‘Initially, police treated Maria’s death as non-suspicious,’ Mr Evans said.
Ilyas then gave a statement to the police.
‘He was to say that he had called his wife after he had left…but she, his wife, was not answering,’ said the prosecutor.
‘CCTV shows this is not true. Evidence shows he called her before he left the address while the two of them were still inside the house.’
Ilyas spoke about his wife’s health in his statement,’ said Mr Evans.
‘He said she suffered from breathing issues for years.’
The first pathologist had halted his post-mortem examination after finding there was clear evidence Ms Chavez had been asphyxiated.
A consultant forensic pathologist then found the cause of death to be ‘compression of the neck’.
Mr Evans told the court: ‘There was no pathology in the lungs to explain a history of difficult breathing.
‘No noticeable inflammation of the airways.
‘There was bruising to strap muscles of the neck, bleeding and congestion in the inner lining of mouth, eyes and scalp.
‘The pathologist believed…these features were compatible with compression of the neck and blunt force trauma around the mouth.
‘That near horizontal nature of the mark upon her neck [gave] potential for either a broad ligature, an arm or less likely a hand or hands causing constriction at that level.’
Police arrested Ilyas on suspicion of murder on 26 May but he any knowledge of his wife’s death.
‘He said he had no idea who was responsible,’ Mr Evans added.
The 16-year-old girl who was in the house said Ilyas was screaming and sobbing when he found the body but she did not believe his tears were real.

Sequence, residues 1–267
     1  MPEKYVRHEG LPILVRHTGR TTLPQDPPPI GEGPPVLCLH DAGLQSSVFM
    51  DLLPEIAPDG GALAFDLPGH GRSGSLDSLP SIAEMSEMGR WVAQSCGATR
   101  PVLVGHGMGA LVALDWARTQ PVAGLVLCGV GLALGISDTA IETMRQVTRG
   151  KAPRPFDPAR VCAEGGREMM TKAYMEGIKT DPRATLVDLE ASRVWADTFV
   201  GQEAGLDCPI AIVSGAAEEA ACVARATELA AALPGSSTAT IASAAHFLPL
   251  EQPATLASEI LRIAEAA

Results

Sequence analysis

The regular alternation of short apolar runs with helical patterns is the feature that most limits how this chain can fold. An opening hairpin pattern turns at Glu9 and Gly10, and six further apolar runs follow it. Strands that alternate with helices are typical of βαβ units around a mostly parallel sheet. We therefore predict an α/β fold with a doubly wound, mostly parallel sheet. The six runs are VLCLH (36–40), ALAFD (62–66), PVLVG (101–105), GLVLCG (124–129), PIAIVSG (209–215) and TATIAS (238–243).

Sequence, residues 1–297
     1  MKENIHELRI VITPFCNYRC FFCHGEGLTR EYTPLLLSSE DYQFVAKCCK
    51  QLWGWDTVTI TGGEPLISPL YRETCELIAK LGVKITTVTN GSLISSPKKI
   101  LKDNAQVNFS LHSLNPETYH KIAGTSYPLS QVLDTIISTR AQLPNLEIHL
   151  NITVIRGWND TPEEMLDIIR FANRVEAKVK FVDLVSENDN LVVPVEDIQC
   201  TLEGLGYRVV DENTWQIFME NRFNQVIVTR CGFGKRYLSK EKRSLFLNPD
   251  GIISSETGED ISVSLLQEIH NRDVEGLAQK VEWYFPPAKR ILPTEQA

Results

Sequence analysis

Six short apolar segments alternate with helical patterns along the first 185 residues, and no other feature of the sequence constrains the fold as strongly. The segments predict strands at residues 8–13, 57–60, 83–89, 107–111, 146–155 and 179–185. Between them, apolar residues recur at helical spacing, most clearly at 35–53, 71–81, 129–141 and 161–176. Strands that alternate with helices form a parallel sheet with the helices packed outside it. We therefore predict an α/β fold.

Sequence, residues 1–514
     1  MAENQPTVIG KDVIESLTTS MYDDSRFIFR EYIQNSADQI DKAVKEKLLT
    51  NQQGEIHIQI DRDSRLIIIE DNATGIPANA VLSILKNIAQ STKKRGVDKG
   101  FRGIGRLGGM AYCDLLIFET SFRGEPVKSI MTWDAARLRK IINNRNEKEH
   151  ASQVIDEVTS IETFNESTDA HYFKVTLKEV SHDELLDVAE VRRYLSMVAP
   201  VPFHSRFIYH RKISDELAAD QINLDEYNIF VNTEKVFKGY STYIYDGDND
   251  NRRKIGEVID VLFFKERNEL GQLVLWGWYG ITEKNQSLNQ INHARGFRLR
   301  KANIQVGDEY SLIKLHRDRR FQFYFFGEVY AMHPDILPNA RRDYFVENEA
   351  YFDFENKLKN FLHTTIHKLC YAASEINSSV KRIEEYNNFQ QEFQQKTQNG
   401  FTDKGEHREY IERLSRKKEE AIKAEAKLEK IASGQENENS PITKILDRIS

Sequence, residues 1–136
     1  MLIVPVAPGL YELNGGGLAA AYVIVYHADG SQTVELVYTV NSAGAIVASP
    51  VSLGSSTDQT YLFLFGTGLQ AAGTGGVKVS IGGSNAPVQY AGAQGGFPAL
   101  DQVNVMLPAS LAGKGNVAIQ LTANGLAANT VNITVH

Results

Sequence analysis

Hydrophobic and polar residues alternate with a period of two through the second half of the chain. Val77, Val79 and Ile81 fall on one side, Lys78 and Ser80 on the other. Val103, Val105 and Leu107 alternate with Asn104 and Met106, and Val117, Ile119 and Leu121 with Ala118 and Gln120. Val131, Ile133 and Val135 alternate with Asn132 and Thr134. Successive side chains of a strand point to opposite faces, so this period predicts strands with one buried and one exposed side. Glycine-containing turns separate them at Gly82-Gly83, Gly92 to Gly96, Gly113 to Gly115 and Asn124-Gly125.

‘He was not crying like he was really, really worried,’ she said in a video taped interview with police.
‘He was crying, like fake.’
She said she was downstairs in the house when she heard Ilyas shouting.
‘He was screaming. He said bring some water,’ the girl recalled.
She went upstairs with the water and saw Mrs Chavez lying on the floor on the landing.
‘Her face was purple. He took the glass of water and he was trying to put it in the mouth and in the nose,’ she said.
During the trial, Ilyas’s barrister Christopher Donnellan, QC, admitted: ‘He has not got a solution beyond, “It was not me. I didn’t do it.”
Mr Donnellan suggested someone else, an unidentified individual, killed Ms Chaves.
‘We do know that, sadly, people are randomly attacked in their homes.
‘Sometimes it is a criminal, a burglar, a robber, sometimes it is just somebody with a mental health problem.
‘We do not know the reasons why people do things. That is known only to the person who does it.’
Ms Chavez’s sister, Maria Antonia, made a tearful impact statement about the loss she has suffered.
Assisted by a Spanish interpreter, Ms Antonia said: ‘To me, Maria was like a mum, a friend, a sister.
‘She was always there in the best and worst times of my life.
‘I do not have any more family to support me.
‘I no longer have anyone with whom I can share my joys and fears with.
‘I had made a life for myself in Spain. I had dreams of making a family with children of my own. Although I have family, it is not complete…[because of] the void that Maria has left.’
Ilyas, of Kingston Road, Ilford, denied the charge but was convicted of murder.